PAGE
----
Benign Lung Tumors

Incidence, causes, and management of noncancerous lung nodules and masses

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Benign lung tumors (pulmonary tumors) are relatively common, and are likely to be found much more frequently with the widespread use of CT lung cancer screening. You may find yourself feeling reassured if you are told a tumor is benign, but what could it be? The most common benign lung tumors include hamartomas and adenomas, but there are many other types of tumors as well. Benign tumors are usually asymptomatic, but when they cause symptoms they may include a cough, respiratory infections due to airway obstruction, or coughing up blood. The diagnosis usually includes imaging studies such as a CT scan, but further testing or a lung biopsy may be needed to make the diagnosis and rule out other conditions. Most benign tumors do not require treatment, but surgery to remove a tumor may be needed in some cases.

Malignant or benign tumors
Illustration by Joshua Seong. © Verywell, 2017.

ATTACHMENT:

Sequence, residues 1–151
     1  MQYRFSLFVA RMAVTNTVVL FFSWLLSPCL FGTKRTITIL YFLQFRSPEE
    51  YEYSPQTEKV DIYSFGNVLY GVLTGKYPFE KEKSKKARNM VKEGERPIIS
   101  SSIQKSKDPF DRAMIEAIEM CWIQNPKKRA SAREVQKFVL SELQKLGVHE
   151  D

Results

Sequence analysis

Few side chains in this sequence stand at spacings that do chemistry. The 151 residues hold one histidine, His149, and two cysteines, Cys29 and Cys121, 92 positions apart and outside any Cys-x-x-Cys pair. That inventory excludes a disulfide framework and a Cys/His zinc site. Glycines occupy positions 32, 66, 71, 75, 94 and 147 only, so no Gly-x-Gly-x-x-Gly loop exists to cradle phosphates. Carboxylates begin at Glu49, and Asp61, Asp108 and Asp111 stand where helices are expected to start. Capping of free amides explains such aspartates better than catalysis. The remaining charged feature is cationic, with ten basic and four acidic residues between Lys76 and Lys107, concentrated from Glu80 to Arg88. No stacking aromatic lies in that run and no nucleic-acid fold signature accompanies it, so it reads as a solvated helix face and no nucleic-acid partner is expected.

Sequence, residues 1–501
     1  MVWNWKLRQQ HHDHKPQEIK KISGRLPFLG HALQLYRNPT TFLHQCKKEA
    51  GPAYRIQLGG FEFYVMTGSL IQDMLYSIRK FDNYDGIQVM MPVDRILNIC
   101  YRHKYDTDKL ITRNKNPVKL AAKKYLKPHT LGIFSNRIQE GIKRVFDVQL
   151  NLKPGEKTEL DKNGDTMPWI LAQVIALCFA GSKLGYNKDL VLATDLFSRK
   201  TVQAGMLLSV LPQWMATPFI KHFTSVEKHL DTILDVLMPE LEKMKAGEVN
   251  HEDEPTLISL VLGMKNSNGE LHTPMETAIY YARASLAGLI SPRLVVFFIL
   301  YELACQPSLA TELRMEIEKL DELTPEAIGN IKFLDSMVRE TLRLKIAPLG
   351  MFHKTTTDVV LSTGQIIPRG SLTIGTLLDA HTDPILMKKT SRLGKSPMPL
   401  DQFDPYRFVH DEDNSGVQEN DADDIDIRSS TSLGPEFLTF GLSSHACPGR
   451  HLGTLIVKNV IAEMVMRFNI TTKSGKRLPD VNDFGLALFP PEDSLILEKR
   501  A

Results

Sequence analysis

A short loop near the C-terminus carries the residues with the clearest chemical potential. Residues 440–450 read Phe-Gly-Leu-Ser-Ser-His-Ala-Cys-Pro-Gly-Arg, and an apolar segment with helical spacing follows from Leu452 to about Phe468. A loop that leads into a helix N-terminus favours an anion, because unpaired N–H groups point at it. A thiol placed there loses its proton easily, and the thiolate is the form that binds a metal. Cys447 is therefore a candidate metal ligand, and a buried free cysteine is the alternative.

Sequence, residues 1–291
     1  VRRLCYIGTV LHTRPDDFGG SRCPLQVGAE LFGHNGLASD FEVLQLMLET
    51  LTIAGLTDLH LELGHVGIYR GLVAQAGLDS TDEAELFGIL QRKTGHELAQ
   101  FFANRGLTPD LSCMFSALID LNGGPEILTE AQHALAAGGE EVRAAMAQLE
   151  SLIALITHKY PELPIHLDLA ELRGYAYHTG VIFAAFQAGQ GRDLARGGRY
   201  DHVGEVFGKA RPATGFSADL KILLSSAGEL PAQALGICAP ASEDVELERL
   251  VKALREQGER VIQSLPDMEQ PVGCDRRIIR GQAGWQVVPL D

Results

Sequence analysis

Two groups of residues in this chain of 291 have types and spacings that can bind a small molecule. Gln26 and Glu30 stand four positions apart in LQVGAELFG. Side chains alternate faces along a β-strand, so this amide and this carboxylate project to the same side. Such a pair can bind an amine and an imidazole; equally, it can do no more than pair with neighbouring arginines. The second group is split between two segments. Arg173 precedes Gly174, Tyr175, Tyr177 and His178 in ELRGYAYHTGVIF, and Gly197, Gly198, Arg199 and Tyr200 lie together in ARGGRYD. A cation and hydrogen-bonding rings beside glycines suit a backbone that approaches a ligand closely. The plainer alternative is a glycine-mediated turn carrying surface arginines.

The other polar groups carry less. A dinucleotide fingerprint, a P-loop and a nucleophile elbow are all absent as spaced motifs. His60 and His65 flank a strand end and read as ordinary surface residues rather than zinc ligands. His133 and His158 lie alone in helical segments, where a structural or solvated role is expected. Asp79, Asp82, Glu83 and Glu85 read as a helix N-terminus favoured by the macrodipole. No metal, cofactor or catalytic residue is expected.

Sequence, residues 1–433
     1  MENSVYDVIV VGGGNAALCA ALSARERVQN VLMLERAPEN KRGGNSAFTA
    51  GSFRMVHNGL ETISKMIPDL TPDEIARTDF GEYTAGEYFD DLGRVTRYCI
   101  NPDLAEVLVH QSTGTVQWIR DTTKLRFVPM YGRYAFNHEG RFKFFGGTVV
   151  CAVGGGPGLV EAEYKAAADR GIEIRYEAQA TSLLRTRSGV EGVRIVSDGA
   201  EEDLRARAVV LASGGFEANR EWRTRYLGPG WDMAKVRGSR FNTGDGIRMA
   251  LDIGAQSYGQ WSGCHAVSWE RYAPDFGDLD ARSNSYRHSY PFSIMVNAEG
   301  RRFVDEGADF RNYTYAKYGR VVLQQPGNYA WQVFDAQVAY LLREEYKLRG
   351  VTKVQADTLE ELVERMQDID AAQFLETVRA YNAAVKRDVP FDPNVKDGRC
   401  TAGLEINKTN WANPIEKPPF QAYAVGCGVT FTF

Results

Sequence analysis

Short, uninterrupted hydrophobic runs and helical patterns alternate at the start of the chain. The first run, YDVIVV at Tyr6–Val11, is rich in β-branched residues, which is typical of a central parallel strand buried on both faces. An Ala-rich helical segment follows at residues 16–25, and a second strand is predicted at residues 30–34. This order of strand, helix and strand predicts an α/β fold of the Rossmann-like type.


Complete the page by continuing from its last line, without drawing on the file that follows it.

While most benign tumors are harmless, a major concern with benign tumors is differentiating these from malignant (cancerous) tumors. The survival rate for lung cancer is highest when caught and treated in the early stages.


The terminology surrounding lung tumors can be confusing, and it's helpful to first define a few terms:

  • Lung lesion: a lung "lesion" simply refers to any abnormality in the lungs. This could be a benign or malignant tumor, scar tissue, granulomas related to rheumatoid arthritis, infectious processes, a lung abscess, and more. The term pulmonary coin lesion is often used to describe round nodules.
  • Lung nodule: A nodule is described as an abnormal appearing area of tissue that is 3 centimeters (roughly 1 1/2 inches) in diameter or less.
  • Lung mass: The term mass is used to describe an abnormal area of tissue that is 3 centimeters in diameter or larger.

Characteristics and Behavior

There are many different types of benign lung tumors. These tumors can behave similarly to malignant tumors in some ways, but there are important distinctions.

  • Size: While malignant tumors are more likely to be large (many lung masses, defined as tumors larger than 3 cm, are cancer), some benign tumors may grow to large sizes as well.